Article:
The Next Frontier: Artificial Intelligence and the start-up industry

From the story of Talos of Crete to Mary Shelley’s Frankenstein, the concept of artificially-simulated intelligence has long fascinated humankind. This urge to replicate intelligence through synthetic measures is what is even today driving us on to greater innovations. Our online searches are now taking into account the previous ‘experiences’ to curate more tailored results, our cars are becoming self-driven as a result of AI-based tech and robotic domestic helpers have crossed the menial tasks of cleaning homes off the list of their human masters. In short, each and every aspect of our lives is being increasingly taken over by AI, and these examples are barely scraping the tip of the iceberg.

To gain a more detailed insight into how ingrained artificial intelligence, heuristic algorithm and machine learning is becoming to everyday functioning, one only needs to take a look at the global start-up ecosystem. While traditional technology majors such as IBM, Google, Microsoft and Amazon do figure in prominently when it comes to AI, there are several start-ups and tech-based ventures which are focusing on the technology as a key differentiator for their services and using it to revolutionise the way that businesses are conducted.

Take Tesla Motors, for example. Founded in 2003 and currently headed by the legendary Elon Musk, the company has started leveraging AI to devise self-driven electric cars that can detect road signs, lane markings, obstacles and other vehicles. This development has spurred others, such as the China-based LeEco and Mercedes Benz, to explore the integration of AI with automobiles and revolutionise the traditional idea of a car by essentially making it a smart device on four wheels. The end-goal is to minimise human intervention and errors of judgement to ensure safer travel, more secure on-road behaviour and better economy for the consumer.

Automobiles and travel, however, are not the only aspects of our lives that have been touched by AI. Consider Arria, a UK-based AI start-up, or vPhrase Analytics, an indigenous India venture leveraging AI tech. These start-ups have been simplifying the tasks of many a professional by reading complex data and generating simple-to-read reports for their end-users, something which can be very beneficial across several applications and use-cases such as journalism, corporate report writing and information analysis. Not only does this help businesses and users in generating actionable insights in a convenient manner, but also leads to a great saving for the user, both in terms of the time taken and the capital expenses incurred; Arria can create 60 highly accurate and extremely detailed weather forecast reports in less than one second, a task that traditionally takes human professionals nearly 24 hours to accomplish.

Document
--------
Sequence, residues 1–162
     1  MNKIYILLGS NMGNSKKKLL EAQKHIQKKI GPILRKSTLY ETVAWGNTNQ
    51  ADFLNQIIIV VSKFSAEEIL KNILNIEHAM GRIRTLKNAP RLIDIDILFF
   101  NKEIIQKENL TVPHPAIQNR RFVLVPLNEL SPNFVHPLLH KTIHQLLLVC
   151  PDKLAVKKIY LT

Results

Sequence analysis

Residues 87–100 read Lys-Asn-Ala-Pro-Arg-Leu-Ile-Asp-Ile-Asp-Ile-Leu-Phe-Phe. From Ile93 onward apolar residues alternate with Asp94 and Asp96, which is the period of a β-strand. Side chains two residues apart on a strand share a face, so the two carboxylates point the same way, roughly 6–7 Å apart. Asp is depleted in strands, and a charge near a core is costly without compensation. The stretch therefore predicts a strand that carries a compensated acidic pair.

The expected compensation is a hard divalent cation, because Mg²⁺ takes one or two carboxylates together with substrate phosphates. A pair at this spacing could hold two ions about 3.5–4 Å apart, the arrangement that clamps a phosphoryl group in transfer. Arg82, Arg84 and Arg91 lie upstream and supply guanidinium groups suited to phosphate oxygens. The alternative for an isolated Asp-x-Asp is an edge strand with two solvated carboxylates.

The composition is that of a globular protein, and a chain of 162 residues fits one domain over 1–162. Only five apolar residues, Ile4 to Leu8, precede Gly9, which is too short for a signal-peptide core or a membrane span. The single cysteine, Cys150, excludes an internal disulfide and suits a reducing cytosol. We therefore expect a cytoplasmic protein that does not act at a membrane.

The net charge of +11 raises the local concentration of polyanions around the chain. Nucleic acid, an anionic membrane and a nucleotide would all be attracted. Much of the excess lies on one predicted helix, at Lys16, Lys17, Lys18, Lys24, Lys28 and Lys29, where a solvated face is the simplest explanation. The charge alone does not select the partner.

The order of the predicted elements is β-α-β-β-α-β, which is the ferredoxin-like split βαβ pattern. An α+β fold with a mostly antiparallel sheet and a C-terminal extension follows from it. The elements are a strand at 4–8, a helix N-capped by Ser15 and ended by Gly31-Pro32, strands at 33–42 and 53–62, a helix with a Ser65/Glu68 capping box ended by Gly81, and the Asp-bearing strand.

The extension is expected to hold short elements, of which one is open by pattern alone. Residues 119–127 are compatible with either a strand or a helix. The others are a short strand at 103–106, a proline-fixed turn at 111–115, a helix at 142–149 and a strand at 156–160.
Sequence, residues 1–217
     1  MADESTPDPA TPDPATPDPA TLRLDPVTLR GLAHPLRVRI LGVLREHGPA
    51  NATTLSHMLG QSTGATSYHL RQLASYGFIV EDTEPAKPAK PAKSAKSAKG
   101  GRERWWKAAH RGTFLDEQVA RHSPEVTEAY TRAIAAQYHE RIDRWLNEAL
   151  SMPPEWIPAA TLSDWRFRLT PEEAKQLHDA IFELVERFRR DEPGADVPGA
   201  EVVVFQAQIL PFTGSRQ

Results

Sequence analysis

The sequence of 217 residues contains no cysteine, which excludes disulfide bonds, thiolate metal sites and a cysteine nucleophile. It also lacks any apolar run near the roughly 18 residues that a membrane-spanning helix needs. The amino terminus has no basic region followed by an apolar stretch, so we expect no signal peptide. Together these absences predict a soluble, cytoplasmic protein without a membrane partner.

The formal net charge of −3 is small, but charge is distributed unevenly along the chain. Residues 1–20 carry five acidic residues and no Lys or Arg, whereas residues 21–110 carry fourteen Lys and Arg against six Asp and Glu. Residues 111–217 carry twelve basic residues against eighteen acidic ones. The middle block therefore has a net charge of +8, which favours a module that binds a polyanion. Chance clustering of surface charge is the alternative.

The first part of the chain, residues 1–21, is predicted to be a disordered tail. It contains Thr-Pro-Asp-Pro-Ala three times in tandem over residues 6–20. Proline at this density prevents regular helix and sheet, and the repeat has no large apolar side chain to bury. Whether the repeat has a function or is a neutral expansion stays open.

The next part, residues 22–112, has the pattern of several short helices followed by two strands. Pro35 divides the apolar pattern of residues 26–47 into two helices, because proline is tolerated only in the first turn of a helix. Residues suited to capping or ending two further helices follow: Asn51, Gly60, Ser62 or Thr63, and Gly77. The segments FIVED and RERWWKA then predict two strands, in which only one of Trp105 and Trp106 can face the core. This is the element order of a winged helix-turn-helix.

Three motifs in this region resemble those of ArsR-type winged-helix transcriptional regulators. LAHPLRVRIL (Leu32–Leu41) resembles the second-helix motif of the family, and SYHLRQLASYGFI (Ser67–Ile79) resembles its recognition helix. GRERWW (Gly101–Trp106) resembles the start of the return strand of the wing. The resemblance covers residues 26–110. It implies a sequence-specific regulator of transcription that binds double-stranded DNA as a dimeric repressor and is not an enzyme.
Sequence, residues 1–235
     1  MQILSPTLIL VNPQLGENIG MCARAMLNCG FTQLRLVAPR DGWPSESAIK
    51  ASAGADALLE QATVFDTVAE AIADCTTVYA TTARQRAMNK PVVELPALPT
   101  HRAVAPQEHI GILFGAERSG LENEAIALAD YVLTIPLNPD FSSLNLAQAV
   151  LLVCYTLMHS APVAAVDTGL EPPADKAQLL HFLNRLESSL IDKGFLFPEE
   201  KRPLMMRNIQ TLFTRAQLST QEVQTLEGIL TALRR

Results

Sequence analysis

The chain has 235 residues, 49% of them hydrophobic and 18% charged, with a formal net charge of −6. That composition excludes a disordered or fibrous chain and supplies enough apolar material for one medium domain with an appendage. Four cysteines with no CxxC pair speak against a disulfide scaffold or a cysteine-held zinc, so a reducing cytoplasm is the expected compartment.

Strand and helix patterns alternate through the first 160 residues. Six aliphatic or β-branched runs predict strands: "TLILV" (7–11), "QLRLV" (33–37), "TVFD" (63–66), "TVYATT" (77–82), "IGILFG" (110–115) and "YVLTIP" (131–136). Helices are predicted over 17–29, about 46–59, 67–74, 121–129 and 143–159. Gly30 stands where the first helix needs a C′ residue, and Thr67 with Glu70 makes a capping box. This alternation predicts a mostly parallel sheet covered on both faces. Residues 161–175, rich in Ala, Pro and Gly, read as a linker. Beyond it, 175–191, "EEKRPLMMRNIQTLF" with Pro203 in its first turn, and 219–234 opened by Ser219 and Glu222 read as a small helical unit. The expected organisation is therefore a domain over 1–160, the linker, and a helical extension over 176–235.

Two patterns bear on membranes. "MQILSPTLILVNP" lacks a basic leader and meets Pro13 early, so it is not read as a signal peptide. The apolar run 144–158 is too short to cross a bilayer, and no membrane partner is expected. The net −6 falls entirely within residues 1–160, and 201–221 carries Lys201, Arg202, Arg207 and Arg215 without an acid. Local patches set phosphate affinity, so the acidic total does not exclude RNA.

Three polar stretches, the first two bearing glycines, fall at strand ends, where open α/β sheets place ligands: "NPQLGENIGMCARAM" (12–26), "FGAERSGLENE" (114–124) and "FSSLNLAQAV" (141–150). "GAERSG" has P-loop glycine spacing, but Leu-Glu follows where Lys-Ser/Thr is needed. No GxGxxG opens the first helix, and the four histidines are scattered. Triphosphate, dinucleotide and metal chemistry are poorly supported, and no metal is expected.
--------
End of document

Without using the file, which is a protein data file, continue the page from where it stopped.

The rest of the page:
Another example of start-ups leveraging AI to disrupt the existing status quo is the disaster prediction engine Banjo. Conceptualised after the Boston Marathon bombings in 2013 and aimed at making terrorism impossible, this start-up can analyse social trends, internet traffic and other digital signals to automatically predict a dangerous situation. This heuristic, self-learning model is something that has also been implemented by an Indian start-up, ConfirmTKT, to predict the probability of a train ticket getting confirmed based on factors such as previous ticket confirmation trends and average waitlist time. SIFTR, another Indian start-up that helps photographers in automatically curating their best works from their social media accounts, is another venture which is utilising the power of AI to streamline workflow and optimise efficiency.

These examples are a few amongst a plethora of AI-based ventures which have been making ripples across the global economy. But why is leveraging AI technology increasing becoming a viable option for start-ups? The reason lies in the benefits that it delivers. Artificial intelligence is a highly disruptive field which can deliver higher returns on investment at lower costs owing to the sheer scale it operates on. Moreover, there is the added attraction of exploring a relatively dynamic sector with a huge scope of innovation, which can lead to patents for devising new technologies or approaches. The AI industry also has a massive potential for inorganic growth due to its nature.

It is no wonder, then, that even traditional technology giants such as Google, Amazon, Microsoft, Facebook, IBM and Apple are not only eagerly monitoring the developments within the artificial intelligence industry, but are also acquiring or promoting upcoming ventures to become a more active part of the AI revolution. Facebook has also recently put out its Deep Learning servers, collectively named Big Sur, as an open-sourced platform, while investments into AI-based start-ups continue to demonstrate exponential growth despite a general global investment slowdown. Given the trends and the limitless scope of future applications, it isn’t hard to imagine AI one day completely replacing the need for any human intervention to accomplish tasks.

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